When these figures were introduced to the risk prediction model, the estimated cardiovascular mortality rate was approximately 10 per cent lower in men aged 35-54 years and 15 per cent lower in men aged 55-64 years. However, in women the predicted heart disease mortality rate was higher by up to 4.9 per cent between 1995-97 and 2005-07.

Commenting on the results of the study investigator Dr Jean Dallongeville from the INSERM Institut Pasteur in Lille, France, said: "Men have reduced their exposure to tobacco from 40 to 24.3 per cent, representing a predicted fall in deaths from coronary heart disease. By contrast, women have increased their exposure resulting in a rise in the predicted heart disease death estimate.

These results, he said, may partly explain the decline in coronary heart disease mortality in men over the study period, but not seen in women, but he acknowledged the effect of other factors on trends in .

The latest survey results showed that in 2005-07 one third of men aged 35-44 and one quarter of women described themselves as current smokers, with no apparent increase in the number of attempts to give up. "To continue the reduction in the level of risk factors for coronary heart disease, pressure must be maintained on anti-tobacco initiatives,' said Dr Dallongeville.

More information: Tilloy E, Cottel D, Ruidavets JB, et al. Characteristics of current smokers, former smokers, and secondhand exposure and evolution between 1985 and 2007. Eur J Cardiovasc Prev Rehabil 2010; doi: 10.1097/HJR.0b013e32833a9a0c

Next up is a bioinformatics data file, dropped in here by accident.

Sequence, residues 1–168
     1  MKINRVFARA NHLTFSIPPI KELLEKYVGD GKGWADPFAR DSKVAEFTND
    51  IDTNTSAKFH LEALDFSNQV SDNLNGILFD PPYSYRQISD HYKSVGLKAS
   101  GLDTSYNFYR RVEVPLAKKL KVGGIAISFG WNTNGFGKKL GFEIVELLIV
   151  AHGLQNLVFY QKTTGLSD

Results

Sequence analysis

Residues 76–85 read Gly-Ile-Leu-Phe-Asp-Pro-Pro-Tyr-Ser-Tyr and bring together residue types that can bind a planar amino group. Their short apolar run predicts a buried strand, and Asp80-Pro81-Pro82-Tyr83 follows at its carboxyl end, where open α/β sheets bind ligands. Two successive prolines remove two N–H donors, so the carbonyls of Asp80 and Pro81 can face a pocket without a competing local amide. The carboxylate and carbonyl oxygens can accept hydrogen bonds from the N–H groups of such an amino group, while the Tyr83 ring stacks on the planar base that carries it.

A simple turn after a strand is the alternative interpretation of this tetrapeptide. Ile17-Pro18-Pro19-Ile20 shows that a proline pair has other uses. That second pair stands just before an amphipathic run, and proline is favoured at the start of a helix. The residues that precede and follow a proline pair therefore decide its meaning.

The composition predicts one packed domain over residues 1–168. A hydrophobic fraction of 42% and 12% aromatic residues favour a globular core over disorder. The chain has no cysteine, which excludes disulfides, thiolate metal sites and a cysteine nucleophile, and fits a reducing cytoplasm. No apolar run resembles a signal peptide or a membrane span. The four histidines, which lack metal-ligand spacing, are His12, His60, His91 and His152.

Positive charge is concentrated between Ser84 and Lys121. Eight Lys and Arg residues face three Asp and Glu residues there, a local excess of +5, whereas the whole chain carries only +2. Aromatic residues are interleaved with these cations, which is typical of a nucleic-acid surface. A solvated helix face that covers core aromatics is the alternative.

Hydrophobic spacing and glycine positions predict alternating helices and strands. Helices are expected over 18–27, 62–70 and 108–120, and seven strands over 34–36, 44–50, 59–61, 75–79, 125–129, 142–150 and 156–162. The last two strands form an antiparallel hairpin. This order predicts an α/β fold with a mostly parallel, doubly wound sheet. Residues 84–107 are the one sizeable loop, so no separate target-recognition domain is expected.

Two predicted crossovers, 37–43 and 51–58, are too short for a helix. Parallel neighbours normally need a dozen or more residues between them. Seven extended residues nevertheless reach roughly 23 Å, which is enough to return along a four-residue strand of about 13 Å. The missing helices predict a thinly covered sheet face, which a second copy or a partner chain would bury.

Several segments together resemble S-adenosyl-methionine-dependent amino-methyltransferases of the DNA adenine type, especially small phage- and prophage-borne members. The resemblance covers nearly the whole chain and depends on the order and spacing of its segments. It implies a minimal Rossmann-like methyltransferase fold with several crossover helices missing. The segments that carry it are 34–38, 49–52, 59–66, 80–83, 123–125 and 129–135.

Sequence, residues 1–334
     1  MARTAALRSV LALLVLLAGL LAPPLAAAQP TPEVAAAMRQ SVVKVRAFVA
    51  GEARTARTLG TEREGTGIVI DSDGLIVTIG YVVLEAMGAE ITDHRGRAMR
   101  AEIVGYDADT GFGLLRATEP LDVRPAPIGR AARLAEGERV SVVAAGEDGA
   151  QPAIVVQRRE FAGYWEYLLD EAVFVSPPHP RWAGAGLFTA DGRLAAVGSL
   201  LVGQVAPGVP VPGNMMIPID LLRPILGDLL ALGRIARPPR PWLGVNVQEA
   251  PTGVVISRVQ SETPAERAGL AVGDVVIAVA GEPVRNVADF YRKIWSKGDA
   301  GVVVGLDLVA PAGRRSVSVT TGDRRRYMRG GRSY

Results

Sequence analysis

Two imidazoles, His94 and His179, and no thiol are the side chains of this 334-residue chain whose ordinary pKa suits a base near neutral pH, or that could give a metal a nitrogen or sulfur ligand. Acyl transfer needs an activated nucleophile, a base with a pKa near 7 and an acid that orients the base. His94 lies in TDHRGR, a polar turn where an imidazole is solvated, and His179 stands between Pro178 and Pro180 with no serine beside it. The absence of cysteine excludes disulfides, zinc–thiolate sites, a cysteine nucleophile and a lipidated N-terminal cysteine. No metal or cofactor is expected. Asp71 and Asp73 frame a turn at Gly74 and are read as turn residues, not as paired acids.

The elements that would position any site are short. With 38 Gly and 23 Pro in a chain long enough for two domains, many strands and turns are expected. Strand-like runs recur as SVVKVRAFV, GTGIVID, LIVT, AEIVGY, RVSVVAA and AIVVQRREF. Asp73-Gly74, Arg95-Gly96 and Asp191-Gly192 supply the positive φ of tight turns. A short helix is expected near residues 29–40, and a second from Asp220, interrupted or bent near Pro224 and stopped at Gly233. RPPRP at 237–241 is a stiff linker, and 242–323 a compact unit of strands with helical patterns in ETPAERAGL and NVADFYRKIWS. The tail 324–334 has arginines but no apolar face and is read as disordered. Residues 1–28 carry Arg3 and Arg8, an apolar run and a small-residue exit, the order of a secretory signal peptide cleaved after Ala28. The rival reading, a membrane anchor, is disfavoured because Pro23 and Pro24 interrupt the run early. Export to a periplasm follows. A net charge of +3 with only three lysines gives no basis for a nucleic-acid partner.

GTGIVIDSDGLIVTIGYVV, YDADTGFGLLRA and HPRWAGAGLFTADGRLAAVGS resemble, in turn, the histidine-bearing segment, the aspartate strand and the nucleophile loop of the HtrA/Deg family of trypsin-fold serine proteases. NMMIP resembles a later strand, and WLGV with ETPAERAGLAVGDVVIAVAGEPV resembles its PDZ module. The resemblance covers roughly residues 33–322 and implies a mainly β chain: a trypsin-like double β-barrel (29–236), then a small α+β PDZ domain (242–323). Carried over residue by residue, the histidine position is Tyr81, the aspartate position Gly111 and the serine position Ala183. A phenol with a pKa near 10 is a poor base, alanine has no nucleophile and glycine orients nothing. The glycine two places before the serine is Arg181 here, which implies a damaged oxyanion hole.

Related Stories

Recommended for you

Sweet, bitter, fat: New study reveals impact of genetics on how kids snack

February 22, 2018
Whether your child asks for crackers, cookies or veggies to snack on could be linked to genetics, according to new findings from the Guelph Family Health Study at the University of Guelph.

The good and bad health news about your exercise posts on social media

February 22, 2018
We all have that Facebook friend—or 10—who regularly posts photos of his or her fitness pursuits: on the elliptical at the gym, hiking through the wilderness, crossing a 10K finish line.

Smartphones are bad for some teens, not all

February 21, 2018
Is the next generation better or worse off because of smartphones? The answer is complex and research shows it largely depends on their lives offline.

Lead and other toxic metals found in e-cigarette 'vapors': study

February 21, 2018
Significant amounts of toxic metals, including lead, leak from some e-cigarette heating coils and are present in the aerosols inhaled by users, according to a study from scientists at Johns Hopkins Bloomberg School of Public ...

Tackling health problems in the young is crucial for their children's future

February 21, 2018
A child's growth and development is affected by the health and lifestyles of their parents before pregnancy - even going back to adolescence - according to a new study by researchers at the Murdoch Children's Research Institute, ...

Why teens need up to 10 hours' sleep

February 21, 2018
Technology, other distractions and staying up late make is difficult, but researchers say teenagers need to make time for 8-10 hours of sleep a night to optimise their performance and maintain good health and wellbeing.


Please sign in to add a comment. Registration is free, and takes less than a minute. Read more

Click here to reset your password.
Sign in to get notified via email when new comments are made.